Kala Rau swallowing Dewi Ratih, goddess of the moon. Kamasan, Bali, Indonesia, late 20th century. Cotton (machine-woven), pigment. Fowler Museum at UCLA, Museum Purchase, X94.24.5.


From the Exhibition:
Fabricating Power with Balinese Textiles


This painting is a Balinese representation of a lunar eclipse, but it is shown in a way that points to wider cosmic meanings of the event. The depiction is based on the narrative in the Adiparwa, the first book of the Indian epic the Mahabharata and is part of the Balinese adaptation of that story. In a famous scene of the Adiparwa, the gods and demons get together to churn the World Mountain in the World Sea. Each group goes to a side of the mountain and ties a rope around it. This rope is the great serpent Basuki. The churning produces wonderous things, including the amerta, the elixir of life, but one of the demons, Kala Rahu (Rau), steals it and starts to drink it before the others can act. Quickly, the god Wisnu (Vishnu) reacts by cutting off Rahu’s head with his famous discus, the cakra. However, the elixir reaches Rahu’s neck, so his head remains immortal and flies off into the sky.

The moment in which Rahu devours the moon goddess, Dewi Bulan, is depicted here as the lunar eclipse. Dewi Bulan or Wulan, governs spinning and weaving and is shown here with her spinning wheel. In addition to the demonic head devouring the moon, other demonic figures (called buta and kala in Bali) can be seen here hovering around as they accompany Rahu. Although originally the two were separate, in most Balinese traditions, Dewi Bulan is identified with Dewi Ratih, the goddess of love, who is the spouse of Semara.

This painting is a recent work from the village of Kamasan, in the Klungkung regency. This scene is found in both traditional—that is, older works in the style Balinese call “classic”—and modern art. Traditional art is based on the wayang, or shadow puppet theater, and the flatness of the figures and stylized nature of the iconography and gestures are a direct reference to the wayang. Most depictions in the classic style from the village of Kamasan show the lead-up to this scene, the conflict of the gods and the beheading of Kala Rahu, because Kamasan works pay closer attention to the Adiparwa story.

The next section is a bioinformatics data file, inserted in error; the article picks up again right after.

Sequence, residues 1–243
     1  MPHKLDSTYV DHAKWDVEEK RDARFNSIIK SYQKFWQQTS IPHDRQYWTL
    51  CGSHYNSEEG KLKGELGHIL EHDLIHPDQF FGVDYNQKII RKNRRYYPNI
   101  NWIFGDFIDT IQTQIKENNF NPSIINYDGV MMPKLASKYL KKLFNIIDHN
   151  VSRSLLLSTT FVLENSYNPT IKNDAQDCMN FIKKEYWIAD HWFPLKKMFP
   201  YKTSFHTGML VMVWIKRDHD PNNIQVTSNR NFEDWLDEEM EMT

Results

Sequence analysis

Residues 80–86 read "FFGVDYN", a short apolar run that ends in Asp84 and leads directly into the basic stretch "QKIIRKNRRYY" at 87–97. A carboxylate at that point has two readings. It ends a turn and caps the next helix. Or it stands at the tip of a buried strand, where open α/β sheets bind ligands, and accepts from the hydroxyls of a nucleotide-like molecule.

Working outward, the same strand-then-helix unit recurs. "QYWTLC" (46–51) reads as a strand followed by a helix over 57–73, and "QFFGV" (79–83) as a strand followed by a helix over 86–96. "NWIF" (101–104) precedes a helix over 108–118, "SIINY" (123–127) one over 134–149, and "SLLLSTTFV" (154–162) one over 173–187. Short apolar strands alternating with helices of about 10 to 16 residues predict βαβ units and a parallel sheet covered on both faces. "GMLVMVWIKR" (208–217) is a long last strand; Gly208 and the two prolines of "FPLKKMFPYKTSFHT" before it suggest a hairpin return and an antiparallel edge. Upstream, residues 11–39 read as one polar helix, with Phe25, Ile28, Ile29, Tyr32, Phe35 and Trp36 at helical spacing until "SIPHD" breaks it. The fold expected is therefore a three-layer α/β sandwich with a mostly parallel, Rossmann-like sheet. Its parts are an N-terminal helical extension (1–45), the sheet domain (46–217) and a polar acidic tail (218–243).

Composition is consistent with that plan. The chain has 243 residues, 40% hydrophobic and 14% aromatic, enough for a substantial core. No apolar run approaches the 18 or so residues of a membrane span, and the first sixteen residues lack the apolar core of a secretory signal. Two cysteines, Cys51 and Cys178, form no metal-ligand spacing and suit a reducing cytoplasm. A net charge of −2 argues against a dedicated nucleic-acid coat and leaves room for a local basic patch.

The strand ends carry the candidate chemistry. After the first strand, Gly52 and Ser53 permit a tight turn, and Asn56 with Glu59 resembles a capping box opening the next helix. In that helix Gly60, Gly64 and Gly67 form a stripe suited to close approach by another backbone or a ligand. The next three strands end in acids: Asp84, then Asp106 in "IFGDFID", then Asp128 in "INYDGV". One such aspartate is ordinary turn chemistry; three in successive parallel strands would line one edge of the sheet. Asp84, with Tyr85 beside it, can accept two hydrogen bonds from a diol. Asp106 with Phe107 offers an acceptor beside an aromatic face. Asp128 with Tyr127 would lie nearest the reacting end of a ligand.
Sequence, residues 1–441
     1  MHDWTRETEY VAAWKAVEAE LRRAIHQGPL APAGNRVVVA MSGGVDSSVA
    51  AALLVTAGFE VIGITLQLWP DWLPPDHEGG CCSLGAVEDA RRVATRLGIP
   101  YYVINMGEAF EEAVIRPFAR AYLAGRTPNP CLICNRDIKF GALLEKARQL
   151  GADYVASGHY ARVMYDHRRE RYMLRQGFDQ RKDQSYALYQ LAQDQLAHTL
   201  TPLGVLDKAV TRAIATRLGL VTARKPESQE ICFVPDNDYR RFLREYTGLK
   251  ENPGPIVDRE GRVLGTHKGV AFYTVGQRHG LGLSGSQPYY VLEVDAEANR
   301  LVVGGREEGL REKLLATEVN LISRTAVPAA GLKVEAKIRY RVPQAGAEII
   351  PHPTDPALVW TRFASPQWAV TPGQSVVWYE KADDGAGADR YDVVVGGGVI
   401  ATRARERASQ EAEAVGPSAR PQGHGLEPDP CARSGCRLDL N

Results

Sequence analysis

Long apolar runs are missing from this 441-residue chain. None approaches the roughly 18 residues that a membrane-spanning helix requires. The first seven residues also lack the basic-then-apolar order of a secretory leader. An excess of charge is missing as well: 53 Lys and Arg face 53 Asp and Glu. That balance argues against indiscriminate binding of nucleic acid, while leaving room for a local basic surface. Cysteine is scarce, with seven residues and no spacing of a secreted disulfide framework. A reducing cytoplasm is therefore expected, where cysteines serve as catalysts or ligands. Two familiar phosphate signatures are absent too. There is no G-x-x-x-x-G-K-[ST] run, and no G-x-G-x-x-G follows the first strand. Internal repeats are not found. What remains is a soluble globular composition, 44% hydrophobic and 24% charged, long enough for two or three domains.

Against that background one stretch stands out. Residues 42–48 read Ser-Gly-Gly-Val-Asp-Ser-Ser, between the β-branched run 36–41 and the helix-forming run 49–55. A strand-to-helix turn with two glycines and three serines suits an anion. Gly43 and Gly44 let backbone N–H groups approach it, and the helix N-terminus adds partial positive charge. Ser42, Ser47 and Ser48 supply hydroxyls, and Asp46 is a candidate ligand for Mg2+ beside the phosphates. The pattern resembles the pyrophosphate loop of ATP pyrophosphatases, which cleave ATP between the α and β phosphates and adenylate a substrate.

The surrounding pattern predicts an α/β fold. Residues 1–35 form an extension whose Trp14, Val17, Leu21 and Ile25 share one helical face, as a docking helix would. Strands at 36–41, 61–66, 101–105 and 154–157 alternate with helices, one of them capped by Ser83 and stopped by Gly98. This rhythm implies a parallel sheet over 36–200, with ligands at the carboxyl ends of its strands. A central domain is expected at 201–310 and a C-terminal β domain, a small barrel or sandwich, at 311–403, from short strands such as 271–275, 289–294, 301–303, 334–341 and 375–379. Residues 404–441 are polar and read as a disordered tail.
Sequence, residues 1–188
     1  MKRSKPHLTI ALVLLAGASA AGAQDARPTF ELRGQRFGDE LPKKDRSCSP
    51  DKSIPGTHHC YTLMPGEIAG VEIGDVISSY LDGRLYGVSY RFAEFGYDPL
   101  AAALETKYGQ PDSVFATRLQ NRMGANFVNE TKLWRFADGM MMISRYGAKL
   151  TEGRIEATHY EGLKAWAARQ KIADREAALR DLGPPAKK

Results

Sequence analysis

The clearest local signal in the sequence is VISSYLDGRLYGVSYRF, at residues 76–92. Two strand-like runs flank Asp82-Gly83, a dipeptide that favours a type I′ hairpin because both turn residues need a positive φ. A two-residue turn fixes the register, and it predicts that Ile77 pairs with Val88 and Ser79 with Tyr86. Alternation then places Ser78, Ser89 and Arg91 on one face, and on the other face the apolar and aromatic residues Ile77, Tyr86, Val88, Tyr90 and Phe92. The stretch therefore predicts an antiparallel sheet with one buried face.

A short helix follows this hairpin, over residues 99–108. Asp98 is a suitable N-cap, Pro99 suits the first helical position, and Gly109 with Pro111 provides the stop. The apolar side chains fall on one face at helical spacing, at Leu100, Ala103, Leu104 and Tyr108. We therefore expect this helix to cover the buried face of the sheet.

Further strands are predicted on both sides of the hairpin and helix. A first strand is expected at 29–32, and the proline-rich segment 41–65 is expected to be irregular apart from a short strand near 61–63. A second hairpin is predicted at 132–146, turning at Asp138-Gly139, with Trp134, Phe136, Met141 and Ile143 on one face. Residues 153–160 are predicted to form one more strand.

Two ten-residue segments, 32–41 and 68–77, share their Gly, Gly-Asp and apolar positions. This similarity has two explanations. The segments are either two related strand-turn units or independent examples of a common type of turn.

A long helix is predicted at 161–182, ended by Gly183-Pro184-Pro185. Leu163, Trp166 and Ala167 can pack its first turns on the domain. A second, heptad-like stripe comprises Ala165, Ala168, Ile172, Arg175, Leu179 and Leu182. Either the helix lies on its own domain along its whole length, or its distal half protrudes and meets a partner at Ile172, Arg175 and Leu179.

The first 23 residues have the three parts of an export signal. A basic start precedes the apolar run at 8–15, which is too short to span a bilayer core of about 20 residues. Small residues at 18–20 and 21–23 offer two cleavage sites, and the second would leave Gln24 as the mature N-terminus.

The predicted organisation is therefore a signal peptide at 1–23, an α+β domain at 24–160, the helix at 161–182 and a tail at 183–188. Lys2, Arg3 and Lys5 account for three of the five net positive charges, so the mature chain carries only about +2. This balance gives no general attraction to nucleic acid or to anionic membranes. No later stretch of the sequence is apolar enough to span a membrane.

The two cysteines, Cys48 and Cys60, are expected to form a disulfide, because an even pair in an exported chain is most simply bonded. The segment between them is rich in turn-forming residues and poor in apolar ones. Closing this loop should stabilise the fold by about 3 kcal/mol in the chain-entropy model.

Gregory Bateson and Margaret Mead’s associate Colin McPhee collected many works from Kamasan and other villages, which, through Mead, ended up in the collection of the American Museum of Natural History in 1952. One of these works, which is in the style of the region of Gianyar rather than the village of Kamasan, includes the devouring scene as a continuation of the Adiparwa episode. It shows the churning of the world ocean at the bottom left and then the conflict of gods and demons, top left, in which Rahu is beheaded by Wisnu. The focus of that painting is Rahu attempting to devour the Moon Goddess. Rahu is accompanied by lightning, depicted as a group of flaming demonic heads, rather than the disjointed figures that represent demonic forces in the Kamasan work illustrated here.

In contrast to the classic style, modern images tend to depict the threat to the moon goddess in a single scene. Well-known examples include a work from the 1970s by Gusti Ketut Kobot, one of the masters of the central Balinese style identified with Ubud village. Kobot was continuing the mode of depiction already popular in the Ubud area in the 1930s, as shown in two almost identical works by I Dewa Nyoman Leper, one of the early Ubud artists. These works were collected by Bateson and Mead. They are distinctive because the demon’s head breaks through the halo of the moon goddess, and he has his teeth around her in a depiction that speaks of violent aggression. These works make the gendered meaning of the painting apparent.

A number of the modern works also show the impact of the eclipse by depicting dismayed villagers. One of the first artists to depict the mythological scene in the real world was I Made Griya of Ubud in a 1932 painting. That work was done at the time that Ubud was becoming known as a center for the arts. More recent works show the full nature of the ill-omened event, as villagers attempt to ward off the harm with performances and ritual acts.

Given that this event was previously not shown in a single scene, it is likely that the depiction became popular in Ubud before spreading to other parts of the island in the 1930s. The recent Kamasan work was most likely influenced by the Ubud paintings.

One clear example of the spread of the theme from Ubud to other parts of Bali, is a work from the 1940s or 1950s by I Sukarya, one of the masters of the Sanur school of painting, from the coastal village in the south. Again, in that work, the moon goddess is almost swallowed by the demonic head. The image of eating is reminiscent of scenes from other narratives, notably the Sutasoma, where a demon devours a semi-divine hero but is defeated by the power of the hero and must regurgitate him, in an act identified with exorcism or purification, of changing the being (matemahan=metamorphosis) from demonic to divine.


Adrian Vickers is professor of Southeast Asian Studies at the University of Sydney. His books include Bali: A Paradise Created (2012) and Balinese Art: Paintings and Drawings 1800–2010 (2012).